Saturday, February 3, 2018

Frogs of Southern Africa: A Complete Guide by Louis du Preez & Vincent Carruthers

If this Frogs of Southern Africa by Louis du Preez and Vincent Carruthers had fallen into my hands when I was a preteen, chances are good I might've spent even more time poking about rivers, vleis and any other places where frogs are to be found. As it is, I was that weird girl child who was constantly bringing home tadpoles so she could watch them become frogs. (Alas, my mom's poor jelly bowl that was press-ganged into serving as an aquarium.)

And I loved visiting my grandparents during autumn and winter, as it meant there was a chance that I could find tadpoles. Catching frogs was another matter entirely, but I was pretty quick. And whenever I went hiking or travelling, my mom would always tell me to stop and listen to the froggy choruses. Going to sleep at night, even here at home, when there's been rain, and hearing the frogs – that is without price.

Thing is, I've never been able to match up the frogs' calls with their names. Until now. This book is gold, and I suspect it's the kind of guide that will appeal to not only your average nature lover, but also be useful to those who're a bit more serious about their studies.

Okay, now the best thing about the book (for me, that is) is the QR codes that link to the frogs' calls. I spent a long, long time identifying all those frogs that I'd heard over the years, discovering yes, that the frogs in my grandparents' back garden were Cape moss frogs, and that yes, I've heard the call of micro frogs. Obviously the downside is that you're not always going to be in an area with internet when you're out and about, but hey ... you can always record the frog call with your phone for later identification (yes, I've done that before). Or you can download the calls to your phone, if you've got the capacity.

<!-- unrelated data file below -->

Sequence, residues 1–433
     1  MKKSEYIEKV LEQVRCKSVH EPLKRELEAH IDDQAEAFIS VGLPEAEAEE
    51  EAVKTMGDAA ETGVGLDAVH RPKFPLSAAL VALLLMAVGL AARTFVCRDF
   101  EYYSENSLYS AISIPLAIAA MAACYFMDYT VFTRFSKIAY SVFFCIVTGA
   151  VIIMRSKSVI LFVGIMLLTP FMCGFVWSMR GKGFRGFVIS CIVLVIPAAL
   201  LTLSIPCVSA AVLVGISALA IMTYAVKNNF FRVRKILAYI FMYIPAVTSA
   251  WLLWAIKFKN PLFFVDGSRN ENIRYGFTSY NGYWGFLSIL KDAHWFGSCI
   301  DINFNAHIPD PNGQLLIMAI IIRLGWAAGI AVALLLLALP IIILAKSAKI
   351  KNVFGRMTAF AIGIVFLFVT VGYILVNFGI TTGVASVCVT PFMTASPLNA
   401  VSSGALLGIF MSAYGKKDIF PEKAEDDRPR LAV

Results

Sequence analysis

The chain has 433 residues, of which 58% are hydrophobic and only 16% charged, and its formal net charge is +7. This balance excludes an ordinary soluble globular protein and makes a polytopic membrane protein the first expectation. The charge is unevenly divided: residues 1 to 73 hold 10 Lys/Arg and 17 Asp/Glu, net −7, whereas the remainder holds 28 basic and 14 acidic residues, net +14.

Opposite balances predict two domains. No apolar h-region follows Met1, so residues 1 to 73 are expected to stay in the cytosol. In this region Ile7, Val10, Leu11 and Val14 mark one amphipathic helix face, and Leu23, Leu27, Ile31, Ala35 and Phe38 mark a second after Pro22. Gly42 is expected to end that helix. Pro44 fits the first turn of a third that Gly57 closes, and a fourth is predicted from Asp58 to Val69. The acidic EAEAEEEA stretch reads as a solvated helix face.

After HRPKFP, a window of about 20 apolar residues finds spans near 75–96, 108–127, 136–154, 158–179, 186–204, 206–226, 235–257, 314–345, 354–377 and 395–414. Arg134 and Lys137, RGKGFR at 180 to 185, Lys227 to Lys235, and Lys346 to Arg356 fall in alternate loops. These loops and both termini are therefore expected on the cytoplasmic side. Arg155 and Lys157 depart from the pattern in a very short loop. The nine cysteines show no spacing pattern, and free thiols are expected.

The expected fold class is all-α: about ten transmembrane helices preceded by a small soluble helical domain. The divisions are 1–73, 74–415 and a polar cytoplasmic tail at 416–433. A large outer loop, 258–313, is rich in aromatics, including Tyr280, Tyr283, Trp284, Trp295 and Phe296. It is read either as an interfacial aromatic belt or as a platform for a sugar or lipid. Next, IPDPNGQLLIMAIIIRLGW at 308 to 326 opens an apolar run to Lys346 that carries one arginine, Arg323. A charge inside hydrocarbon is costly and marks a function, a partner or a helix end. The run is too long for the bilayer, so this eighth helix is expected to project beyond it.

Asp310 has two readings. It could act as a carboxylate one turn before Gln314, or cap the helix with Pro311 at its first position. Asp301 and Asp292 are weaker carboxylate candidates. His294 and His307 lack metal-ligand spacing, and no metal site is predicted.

Next thing: While this isn't going to be the book that you tuck into your backpack while hiking, its size does mean that the many photographs are big and clear enough for you to make good identifications. Not only that, but morphological differences have, where possible, also been included, along with handy size guides for the smaller beasties.

The clear distribution maps are useful too, so depending on whether you're only hearing a frog or you've spotted it, you've got two potential methods for identification. More often than not, frogs are heard and not seen, so by having a basic idea of what a particular family sounds like, it's quite easy to go by distribution to figure out which frog you're looking at.

The front matter is pretty thorough, giving not only a list of the species in southern Africa, but basic morphology and physiology, reproduction and vocalisation, their environments, their relationships with humans, and field keys and descriptions.

I always knew that we had loads of frogs in southern Africa, but I had absolutely no idea of their diversity, and the broad range of habitats in which they live. But something I've come to realise too, looking at this book, is that frogs are an important indicator of our environment's state. Because they are dependent on water, they are often among the most vulnerable species when it comes to habitat degradation and pollution. If the frogs fall silent, then I fear we're in deep, deep trouble. They truly are marvellous creatures that play an integral part in any ecosystem, and are totally deserving of our protection.

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